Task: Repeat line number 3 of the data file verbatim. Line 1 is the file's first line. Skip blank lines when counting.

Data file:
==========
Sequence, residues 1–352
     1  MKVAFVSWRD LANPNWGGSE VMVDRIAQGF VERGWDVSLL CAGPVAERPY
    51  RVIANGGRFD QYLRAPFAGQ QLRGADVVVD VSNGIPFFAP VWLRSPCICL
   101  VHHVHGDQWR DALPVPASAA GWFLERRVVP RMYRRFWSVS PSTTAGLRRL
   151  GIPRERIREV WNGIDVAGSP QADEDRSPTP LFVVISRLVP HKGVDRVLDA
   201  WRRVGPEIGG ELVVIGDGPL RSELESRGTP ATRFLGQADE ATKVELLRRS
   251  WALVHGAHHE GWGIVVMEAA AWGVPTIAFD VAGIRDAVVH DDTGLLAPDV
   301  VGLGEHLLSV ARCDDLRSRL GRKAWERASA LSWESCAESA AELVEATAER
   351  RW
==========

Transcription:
    51  RVIANGGRFD QYLRAPFAGQ QLRGADVVVD VSNGIPFFAP VWLRSPCICL